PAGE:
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C-level execs fuel economy by supporting startup founders

I recently attended a meeting with community leaders to prepare for the 2019 Tech Census by Powderkeg. The firm’s CEO, Matt Hunkler, explained that tech companies grow faster when C-level executives from large companies consistently get involved with their startup communities.

The 2018 Tech Census revealed that Indy’s C-suites are not nearly as engaged in the startup ecosystem as those in cities such as Cincinnati, Nashville, Denver and Boulder.

C-level executives in these cities are connecting founders to potential partners, clients and investors more rapidly and consistently than are Indy executives. CEOs are making phone calls to introduce founders to potential clients, partners and investors. Chief financial officers are reviewing and tweaking multiyear projections drafted by first-time entrepreneurs. Chief marketing officers are making connections to successful sales talent and marketing firms and advising on proven methodologies to acquire and retain customers.

Indianapolis could easily become more competitive on a national level if C-level executives became more actively engaged in the Indy startup community. One particularly opportune area for this engagement is with women-owned startups. If chief information and chief technology officers in Indy spent more time becoming acquainted with and mentoring female founders, Indianapolis could become a national model for a vibrant and more equitable startup environment.

If you are in a C-suite, there is ample opportunity to engage. Here are a few ways you can extend your network, identify investment opportunities and build relationships that can both help your company grow and benefit the startup community.

Attend events focused on startups.

If founders are serious about scaling a tech company, they eventually pitch at Powderkeg. If you want to meet Indy’s tech leaders, get a ticket to Techpoint’s Mira Awards. Community-focused startups head to PitchFeast to test out their pitches and compete for funding raised from that evening’s ticket sales. Agriculture and life sciences founders are regulars at Purdue Foundry events. Entrepreneurs who are serious about taking their product or service to market or scaling their company can be found developing their skill set at Startup Study Hall. (Crowds at PitchFeast and Startup Study Hall are consistently diverse and attract women.) First-time investors are learning and listening to pitches at Startup Investing 101 hosted by The Startup Ladies.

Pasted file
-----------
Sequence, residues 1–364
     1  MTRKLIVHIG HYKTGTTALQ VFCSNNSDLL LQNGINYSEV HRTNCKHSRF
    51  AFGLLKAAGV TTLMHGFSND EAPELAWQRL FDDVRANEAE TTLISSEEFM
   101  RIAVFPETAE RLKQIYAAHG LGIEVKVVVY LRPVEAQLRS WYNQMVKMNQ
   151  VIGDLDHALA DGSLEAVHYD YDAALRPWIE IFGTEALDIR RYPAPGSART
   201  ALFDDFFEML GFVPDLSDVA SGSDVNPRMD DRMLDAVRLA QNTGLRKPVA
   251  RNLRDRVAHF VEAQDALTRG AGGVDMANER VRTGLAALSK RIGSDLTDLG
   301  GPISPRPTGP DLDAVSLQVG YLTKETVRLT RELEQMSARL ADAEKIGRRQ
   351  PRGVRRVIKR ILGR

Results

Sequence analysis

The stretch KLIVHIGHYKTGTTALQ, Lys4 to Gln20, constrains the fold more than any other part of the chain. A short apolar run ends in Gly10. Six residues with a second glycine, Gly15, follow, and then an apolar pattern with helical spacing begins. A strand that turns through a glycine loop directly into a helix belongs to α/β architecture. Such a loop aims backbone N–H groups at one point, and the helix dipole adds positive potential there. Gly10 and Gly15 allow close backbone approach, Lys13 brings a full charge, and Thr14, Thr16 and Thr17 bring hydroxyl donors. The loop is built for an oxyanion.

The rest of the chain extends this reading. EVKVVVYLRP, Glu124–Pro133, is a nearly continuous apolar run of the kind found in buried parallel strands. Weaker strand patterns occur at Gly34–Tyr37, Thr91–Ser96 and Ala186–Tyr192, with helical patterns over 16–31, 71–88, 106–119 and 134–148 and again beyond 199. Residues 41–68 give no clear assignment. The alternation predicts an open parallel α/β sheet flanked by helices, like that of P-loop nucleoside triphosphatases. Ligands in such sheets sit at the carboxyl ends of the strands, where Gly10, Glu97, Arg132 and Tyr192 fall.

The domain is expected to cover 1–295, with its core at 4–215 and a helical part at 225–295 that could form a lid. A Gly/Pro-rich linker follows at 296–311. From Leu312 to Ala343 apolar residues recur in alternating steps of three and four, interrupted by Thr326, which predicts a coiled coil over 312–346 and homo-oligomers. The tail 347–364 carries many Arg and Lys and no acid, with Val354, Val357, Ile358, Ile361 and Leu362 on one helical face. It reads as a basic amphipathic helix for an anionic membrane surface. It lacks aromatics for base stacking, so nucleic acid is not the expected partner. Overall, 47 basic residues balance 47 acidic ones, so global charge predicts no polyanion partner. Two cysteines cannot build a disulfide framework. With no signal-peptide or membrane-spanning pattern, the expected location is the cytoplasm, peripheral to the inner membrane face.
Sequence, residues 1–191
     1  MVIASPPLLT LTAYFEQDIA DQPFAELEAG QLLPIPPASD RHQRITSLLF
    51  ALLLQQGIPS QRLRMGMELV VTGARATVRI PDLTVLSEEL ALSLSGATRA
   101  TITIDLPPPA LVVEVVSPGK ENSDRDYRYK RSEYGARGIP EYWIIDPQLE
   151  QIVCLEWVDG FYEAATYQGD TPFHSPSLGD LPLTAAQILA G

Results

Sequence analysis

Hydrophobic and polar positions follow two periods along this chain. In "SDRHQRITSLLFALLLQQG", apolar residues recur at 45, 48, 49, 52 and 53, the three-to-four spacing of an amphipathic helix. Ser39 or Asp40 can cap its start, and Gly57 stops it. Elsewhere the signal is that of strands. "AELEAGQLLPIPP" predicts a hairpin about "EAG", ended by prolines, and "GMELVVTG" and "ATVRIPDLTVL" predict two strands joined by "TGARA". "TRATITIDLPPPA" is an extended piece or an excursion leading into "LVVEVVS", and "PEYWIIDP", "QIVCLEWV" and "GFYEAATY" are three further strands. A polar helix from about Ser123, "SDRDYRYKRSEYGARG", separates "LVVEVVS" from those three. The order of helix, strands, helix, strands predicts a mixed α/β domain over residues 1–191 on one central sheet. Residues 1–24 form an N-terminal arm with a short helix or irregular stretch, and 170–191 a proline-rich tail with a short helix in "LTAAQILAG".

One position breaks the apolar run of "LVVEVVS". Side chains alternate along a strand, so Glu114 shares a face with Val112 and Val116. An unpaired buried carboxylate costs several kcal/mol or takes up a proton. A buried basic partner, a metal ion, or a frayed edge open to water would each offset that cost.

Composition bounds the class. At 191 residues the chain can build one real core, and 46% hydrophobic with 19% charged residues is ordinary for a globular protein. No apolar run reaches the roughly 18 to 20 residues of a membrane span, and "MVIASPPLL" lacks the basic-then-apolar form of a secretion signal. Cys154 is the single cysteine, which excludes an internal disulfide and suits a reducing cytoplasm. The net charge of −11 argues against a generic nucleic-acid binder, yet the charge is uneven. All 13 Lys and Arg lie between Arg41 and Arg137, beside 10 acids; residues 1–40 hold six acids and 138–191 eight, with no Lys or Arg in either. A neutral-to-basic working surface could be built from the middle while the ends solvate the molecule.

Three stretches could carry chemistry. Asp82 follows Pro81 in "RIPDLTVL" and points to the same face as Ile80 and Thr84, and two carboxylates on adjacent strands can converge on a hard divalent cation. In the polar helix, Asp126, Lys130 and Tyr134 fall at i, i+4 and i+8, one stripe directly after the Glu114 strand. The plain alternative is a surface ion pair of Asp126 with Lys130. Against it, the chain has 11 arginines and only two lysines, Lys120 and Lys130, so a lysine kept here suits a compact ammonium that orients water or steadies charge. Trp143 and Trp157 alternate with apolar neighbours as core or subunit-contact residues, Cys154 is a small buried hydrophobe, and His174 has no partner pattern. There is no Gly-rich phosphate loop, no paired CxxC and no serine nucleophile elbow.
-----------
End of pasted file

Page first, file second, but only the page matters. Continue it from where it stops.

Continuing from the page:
Your time is limited. If you want to maximize your opportunities at an event, call or email the event organizer ahead of time to say you plan to attend. The organizer can review the guest list and let you know whom you need to meet, and can also make a formal introduction at the event.

Invite founders to be your guests.

Universities and law firms do this well. If you are already going to a networking event, purchase an extra ticket or two and invite a founder who could benefit from attending. Spend time at the event introducing your guest to people in your network. If you’ve scheduled a more casual coffee or lunch to touch base with a client or colleague, bring a founder along to meet your contact.

Ask women about their companies at networking events.

Please let me explain why this needs to be said. One week ago, I was sitting at a dinner with about 50 of the most influential people in Indianapolis. Each person was invited because of extensive networks and knowledge about a particular topic.

Two very respected, accomplished and well-known men sat on either side of me. I initiated conversation with each of them. After I patiently listened to each share who he was, what he had accomplished, and his role with the initiative everyone was discussing at dinner, there was a natural pause in conversation. At this point, most people reciprocate and say something like, “Tell me about you.” That didn’t happen.

After a very pregnant pause, I asked each gentleman, “Would you like to know what I do?” In both cases, I was permitted a brief description of myself and my company.

In the midst of my second conversation, a very accomplished business owner came over to say hello. While the gentleman I was speaking with thought the CEO was coming over to connect with him, the visitor actually came over to compliment the work of The Startup Ladies. It took another CEO to validate that I was a woman worth listening to. The dynamic of our conversation changed immediately and dramatically in my favor.

This experience was very frustrating and happens to women all the time. It’s time for men to initiate professional and productive conversations with women at every event.

We need the residents of Indy’s C-suites to take an interest in our growing startup community, attend relevant startup events, engage in meaningful conversations, and mentor first-time founders. Most important, we need the city’s biggest breadwinners to invest in startup ventures so founders can hire talent and begin scaling.

If we’re going to be competitive on a national level, we need our C-suites to come down from the ivory towers and play (without ego) in the startup sandbox.

*This article was originally published by the Indianapolis Business Journal on 4/3/19.


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